Bread for the World remains alarmed about the millions of young children in countries with few resources whose lives are literally at stake. Researchers project a surge of deaths related to malnutrition over the next several months among children younger than 5. These deaths are an “unintended consequence” of lockdowns and other restrictions that are intended to slow transmission of the virus, but also disrupt vital nutrition and healthcare services for the most vulnerable people in society—pregnant women, babies, and toddlers.
There will always be emergencies, but the world is capable of planning ahead and avoiding much of the tragedy we have all seen this year.
Asma Lateef is director of Bread for the World Institute.
By Jordan Teague
A malnourished child is a child that we, as the global community, have failed. In 2020, with all our medical and technological advancements, it is unconscionable that millions of children would still be unable to access the basic nutrients they need to live healthy lives. But it is their reality. Hundreds of millions of children – most of whom live in formerly colonized countries – face the effects of malnutrition. Humanity has failed in every way when children’s lives literally depend on where they were born.
Nutrition is deeply embedded in society, which means that many complex economic and social arrangements need to work together to prevent malnutrition. Inadequate healthcare services, lack of access to healthy diets, poverty, and gender inequity are among the most important symptoms of breakdown in “systems” such as the food system, the healthcare system, economic policy, and social protection programs. The result is high rates of childhood malnutrition.
A food system has two “jobs”: to provide an income to farmers and other workers in the food chain, and to provide access to affordable, healthy diets to all people. Malnutrition is a failure of the food system to make nutritious foods available at prices that all communities can afford.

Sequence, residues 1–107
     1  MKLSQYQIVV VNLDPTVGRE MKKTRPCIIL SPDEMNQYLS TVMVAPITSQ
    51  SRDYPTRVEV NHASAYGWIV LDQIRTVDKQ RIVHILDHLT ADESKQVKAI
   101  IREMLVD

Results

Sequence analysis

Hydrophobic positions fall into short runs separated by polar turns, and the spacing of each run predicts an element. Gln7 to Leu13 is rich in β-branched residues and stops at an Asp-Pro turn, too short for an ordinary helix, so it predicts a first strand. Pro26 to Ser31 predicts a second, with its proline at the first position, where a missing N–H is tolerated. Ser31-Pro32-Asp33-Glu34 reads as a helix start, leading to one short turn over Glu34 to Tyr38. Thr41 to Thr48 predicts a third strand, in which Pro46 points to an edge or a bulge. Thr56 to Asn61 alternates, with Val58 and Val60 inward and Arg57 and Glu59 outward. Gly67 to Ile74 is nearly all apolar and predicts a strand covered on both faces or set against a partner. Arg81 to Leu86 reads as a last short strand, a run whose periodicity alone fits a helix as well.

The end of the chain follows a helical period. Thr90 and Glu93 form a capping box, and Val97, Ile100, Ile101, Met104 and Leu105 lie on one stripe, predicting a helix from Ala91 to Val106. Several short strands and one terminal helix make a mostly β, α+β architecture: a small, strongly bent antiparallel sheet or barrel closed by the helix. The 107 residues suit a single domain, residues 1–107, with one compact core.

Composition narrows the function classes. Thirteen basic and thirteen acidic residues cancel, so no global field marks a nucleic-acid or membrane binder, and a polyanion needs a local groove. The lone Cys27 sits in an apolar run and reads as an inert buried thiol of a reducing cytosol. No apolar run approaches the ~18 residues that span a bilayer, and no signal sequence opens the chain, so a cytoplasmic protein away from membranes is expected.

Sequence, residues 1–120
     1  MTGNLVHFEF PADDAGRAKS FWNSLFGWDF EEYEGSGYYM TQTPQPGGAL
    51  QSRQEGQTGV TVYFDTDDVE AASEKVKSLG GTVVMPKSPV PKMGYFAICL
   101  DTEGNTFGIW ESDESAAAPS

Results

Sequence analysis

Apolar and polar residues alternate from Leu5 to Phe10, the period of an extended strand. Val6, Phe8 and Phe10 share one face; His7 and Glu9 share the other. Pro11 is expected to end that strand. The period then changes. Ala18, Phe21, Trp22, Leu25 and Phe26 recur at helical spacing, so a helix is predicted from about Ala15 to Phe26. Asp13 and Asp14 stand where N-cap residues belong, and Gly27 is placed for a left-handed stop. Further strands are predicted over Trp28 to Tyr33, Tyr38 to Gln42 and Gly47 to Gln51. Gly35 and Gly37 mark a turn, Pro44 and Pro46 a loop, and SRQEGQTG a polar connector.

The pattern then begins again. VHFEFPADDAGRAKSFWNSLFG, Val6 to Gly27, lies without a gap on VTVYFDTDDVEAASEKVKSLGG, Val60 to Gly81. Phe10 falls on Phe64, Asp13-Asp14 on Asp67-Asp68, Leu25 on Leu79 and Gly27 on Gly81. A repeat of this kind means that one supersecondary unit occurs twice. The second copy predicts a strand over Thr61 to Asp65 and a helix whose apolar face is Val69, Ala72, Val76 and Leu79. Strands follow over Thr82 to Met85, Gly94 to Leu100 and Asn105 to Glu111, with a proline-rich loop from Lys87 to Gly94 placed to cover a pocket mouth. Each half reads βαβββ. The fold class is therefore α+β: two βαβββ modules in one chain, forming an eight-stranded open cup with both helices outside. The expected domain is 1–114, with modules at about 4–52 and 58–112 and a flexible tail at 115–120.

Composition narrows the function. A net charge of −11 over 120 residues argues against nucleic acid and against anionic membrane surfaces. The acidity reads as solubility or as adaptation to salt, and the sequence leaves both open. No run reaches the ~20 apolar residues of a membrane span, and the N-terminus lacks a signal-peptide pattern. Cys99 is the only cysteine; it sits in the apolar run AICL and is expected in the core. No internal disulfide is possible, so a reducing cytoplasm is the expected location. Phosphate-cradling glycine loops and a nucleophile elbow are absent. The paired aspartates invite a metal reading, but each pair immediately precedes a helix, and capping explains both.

It is encouraging that the global community has done a good job of taking the first step—ensuring that all people can get enough calories to survive. The food price crisis of 2008 was the motivation for some of the changes needed to make this happen. But there is a long way to go to ensure that farmers can produce healthy foods for a profit, the food supply chain can ensure their safe delivery to markets, and all families can afford those foods.
Healthcare systems should be set up to deliver essential services that prevent malnutrition and to promptly treat people who develop it. One major barrier to accomplishing this is lack of physical access to health services.
Many people in rural communities must travel long distances to reach any doctor or clinic, and many communities lack transportation options and passable roads. Malnutrition means that the health system has failed to reach everyone with the powerful, effective, and cost-effective nutrition services that are available to part of the global population.
It is not surprising that in any country, children from lower-income families, especially those living in extreme poverty, are at far greater risk of acute malnutrition than children from the wealthiest families. Social protection or safety net programs should be available to all families that need them, and they should enable participants to afford essential health services and quality foods. Malnutrition is associated with poverty, and the global trend is one of rising inequality. Until recently, many countries did not have social protection programs in place, and thus far, global and national economic structures are not correcting for the vast inequalities between and within countries. Malnutrition is a failure of the economic system and social protection programs to ensure that all people have their basic needs met.